Figure 2. Exhibition leaflet for “Joie de vivre,” L’Obelisco, Rome, 1954. The drawing represents exhibitions organized abroad by L’Obelisco in 1952–54.

Starting in the postwar period, the U.S. government increasingly focused on Italy in pursuing initiatives aimed at consolidating its sphere of cultural and political influence. Fellowships such as the Fulbright, which granted its first awards for U.S.-Italian travel in 1946, and the already existing Guggenheim, were particularly concentrated in the Belpaese,21 and a pivotal role in sponsoring travel to Italy was played by the American Academy thanks to the reestablishment of the Rome Prize in 1947. Laurance Roberts, the open-minded reformer in charge of that well-aged institution from 1946–59, linked the cultivation of artistic refinement to cultural diplomacy. Following Martin Brody’s advice, he transformed the Academy into a stronghold of liberal and anticommunist cultural politics in the decade after World War II.22

Cultural support was also often accompanied by intelligence agencies’ objectives, as set up during World War II.23 Following the armistice of September 8, 1943, the U.S. established extensive contacts among Italian intellectuals and deserters, who were united in more or less explicit opposition to Fascism. The first investigative and cultural support structure was the new civilian intelligence agency established in 1942 by President Franklin D. Roosevelt, soon to be known as the Office of Strategic Services (OSS) and headed by William J. Donovan; it would carry out secret activities abroad and analyze information related to national defense (and eventually became known as the CIA).24 Moreover, one must not forget the Psychological Warfare Branch, a joint Anglo-American section of the Allied Forces Headquarters (AFHQ), established after the landing in Sicily and intended to coordinate propaganda efforts in recently liberated European countries. In 1953, the different branches in charge of the U.S. State Department’s international cultural and informational policies merged into the independent agency United States Investigation Services (USIS), based in embassies and consulates.25 It had a pivotal role in the “Americanization” of Italy during the Cold War.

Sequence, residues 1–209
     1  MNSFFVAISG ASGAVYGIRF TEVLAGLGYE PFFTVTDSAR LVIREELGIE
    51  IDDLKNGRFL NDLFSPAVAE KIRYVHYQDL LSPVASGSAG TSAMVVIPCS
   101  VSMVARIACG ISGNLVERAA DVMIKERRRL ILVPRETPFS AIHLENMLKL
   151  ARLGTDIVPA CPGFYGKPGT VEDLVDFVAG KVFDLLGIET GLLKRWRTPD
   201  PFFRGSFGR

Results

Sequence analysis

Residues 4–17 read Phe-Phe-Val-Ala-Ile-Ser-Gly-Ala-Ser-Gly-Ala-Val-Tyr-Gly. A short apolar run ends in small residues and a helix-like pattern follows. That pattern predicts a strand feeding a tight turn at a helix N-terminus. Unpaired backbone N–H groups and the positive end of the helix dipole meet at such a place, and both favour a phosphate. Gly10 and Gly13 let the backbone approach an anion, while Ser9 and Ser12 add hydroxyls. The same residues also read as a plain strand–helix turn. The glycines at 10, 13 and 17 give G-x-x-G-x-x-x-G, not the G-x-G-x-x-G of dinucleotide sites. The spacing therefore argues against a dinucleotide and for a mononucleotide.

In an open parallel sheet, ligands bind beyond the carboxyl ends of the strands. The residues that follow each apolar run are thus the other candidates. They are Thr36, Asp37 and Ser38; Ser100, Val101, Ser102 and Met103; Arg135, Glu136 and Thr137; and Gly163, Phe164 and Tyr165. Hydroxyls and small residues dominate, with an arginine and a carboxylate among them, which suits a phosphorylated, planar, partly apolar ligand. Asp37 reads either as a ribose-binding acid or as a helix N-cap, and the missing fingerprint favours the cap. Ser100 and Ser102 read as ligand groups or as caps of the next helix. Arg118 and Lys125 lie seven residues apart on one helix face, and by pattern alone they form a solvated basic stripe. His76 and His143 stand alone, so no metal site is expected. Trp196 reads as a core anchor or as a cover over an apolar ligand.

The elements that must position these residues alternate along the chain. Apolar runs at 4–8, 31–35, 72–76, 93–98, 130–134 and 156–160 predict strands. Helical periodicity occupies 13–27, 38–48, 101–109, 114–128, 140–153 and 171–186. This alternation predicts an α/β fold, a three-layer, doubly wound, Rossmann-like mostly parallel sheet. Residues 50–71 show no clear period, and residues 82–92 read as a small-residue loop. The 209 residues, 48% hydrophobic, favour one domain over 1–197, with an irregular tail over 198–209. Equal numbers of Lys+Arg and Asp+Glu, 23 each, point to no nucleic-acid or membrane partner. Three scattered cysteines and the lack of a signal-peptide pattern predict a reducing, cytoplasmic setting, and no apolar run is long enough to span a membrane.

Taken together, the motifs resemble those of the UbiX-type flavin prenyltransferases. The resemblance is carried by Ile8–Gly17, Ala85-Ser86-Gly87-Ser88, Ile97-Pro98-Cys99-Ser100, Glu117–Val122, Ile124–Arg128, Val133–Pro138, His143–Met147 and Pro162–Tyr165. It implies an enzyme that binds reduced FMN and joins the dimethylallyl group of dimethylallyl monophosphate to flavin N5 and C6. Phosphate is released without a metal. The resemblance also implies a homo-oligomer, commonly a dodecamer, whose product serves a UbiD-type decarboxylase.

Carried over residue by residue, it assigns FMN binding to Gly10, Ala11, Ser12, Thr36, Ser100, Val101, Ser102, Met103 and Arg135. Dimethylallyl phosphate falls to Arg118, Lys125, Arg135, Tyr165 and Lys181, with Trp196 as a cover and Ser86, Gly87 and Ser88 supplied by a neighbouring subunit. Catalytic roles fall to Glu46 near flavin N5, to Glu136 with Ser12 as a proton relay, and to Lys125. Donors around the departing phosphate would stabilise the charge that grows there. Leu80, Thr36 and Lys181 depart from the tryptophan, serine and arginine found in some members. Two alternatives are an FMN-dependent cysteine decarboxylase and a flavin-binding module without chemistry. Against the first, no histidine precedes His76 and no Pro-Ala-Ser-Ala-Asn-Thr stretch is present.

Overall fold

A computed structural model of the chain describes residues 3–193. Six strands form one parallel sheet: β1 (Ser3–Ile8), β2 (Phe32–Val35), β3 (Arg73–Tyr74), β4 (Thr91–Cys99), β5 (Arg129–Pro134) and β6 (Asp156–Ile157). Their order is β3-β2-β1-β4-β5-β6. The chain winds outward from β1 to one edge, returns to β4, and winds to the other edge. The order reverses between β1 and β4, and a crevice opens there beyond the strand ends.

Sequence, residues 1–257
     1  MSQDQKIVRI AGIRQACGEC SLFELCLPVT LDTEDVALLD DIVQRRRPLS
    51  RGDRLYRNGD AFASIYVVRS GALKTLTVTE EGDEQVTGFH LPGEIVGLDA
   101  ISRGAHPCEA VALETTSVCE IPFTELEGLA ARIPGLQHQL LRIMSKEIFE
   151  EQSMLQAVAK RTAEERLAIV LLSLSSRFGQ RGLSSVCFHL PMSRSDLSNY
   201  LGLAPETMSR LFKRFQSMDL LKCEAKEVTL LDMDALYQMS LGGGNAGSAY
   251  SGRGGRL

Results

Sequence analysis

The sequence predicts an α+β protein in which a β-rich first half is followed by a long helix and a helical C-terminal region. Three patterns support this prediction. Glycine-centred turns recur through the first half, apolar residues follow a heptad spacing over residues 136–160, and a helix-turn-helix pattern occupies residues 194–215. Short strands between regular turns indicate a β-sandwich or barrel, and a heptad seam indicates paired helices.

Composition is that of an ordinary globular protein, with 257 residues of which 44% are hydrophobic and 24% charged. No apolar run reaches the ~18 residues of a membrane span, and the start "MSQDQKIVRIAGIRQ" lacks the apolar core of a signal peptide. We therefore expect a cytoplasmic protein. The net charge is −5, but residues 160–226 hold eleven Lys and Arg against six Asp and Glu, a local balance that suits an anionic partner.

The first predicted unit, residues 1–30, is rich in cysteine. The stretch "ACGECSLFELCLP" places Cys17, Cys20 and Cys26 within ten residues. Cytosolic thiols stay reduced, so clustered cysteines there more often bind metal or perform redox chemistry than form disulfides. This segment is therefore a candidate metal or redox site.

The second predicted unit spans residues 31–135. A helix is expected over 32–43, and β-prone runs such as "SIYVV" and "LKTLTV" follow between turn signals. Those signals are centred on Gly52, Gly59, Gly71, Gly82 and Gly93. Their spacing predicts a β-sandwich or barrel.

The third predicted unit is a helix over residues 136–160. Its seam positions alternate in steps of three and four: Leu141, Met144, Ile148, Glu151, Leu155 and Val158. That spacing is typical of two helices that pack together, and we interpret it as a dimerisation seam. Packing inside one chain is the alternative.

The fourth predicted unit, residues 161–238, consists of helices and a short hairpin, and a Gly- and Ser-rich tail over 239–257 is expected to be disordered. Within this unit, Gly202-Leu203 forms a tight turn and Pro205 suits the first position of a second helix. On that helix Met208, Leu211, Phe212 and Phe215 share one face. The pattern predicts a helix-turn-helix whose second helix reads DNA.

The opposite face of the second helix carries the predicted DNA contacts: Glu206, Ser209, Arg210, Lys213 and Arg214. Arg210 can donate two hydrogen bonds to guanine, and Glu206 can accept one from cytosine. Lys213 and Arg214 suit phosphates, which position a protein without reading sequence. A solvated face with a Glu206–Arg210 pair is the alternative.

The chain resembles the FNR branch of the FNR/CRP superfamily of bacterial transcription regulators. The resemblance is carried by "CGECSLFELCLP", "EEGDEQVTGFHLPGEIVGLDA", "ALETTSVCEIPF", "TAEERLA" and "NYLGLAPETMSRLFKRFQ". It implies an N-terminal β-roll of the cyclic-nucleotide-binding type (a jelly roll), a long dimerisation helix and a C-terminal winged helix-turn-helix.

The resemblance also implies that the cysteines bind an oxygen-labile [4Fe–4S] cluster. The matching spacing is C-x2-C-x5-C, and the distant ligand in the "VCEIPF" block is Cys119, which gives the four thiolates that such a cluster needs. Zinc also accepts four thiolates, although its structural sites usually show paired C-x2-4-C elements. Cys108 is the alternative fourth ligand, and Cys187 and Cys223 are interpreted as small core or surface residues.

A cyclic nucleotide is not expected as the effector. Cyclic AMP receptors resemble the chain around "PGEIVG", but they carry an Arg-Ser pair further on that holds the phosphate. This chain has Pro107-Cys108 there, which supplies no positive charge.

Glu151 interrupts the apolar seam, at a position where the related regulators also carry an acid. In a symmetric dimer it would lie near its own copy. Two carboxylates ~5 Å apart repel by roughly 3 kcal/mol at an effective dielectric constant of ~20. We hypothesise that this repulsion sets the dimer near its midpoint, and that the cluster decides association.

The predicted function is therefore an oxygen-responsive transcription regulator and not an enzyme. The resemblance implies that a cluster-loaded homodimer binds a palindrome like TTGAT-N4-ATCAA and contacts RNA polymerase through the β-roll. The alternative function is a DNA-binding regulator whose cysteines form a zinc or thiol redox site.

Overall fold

The U.S. federal government passed the Servicemen’s Readjustment Act in 1944 – better known as the GI Bill – which provided, until 1956, a range of benefits for returning war veterans to aid them in readjusting to civilian life, for instance low-interest home mortgages, unemployment insurance, and financial assistance for a wide range of educational and vocational training opportunities. With this support, many veterans had the chance to visit Italy. Cultural developments were additionally produced by economic recovery programs such as the Marshall Plan, established in 1948; in the following years, select American photographers were tasked with documenting the infrastructure constructed in Italy under the plan to address wartime devastation and regenerate the national economy.26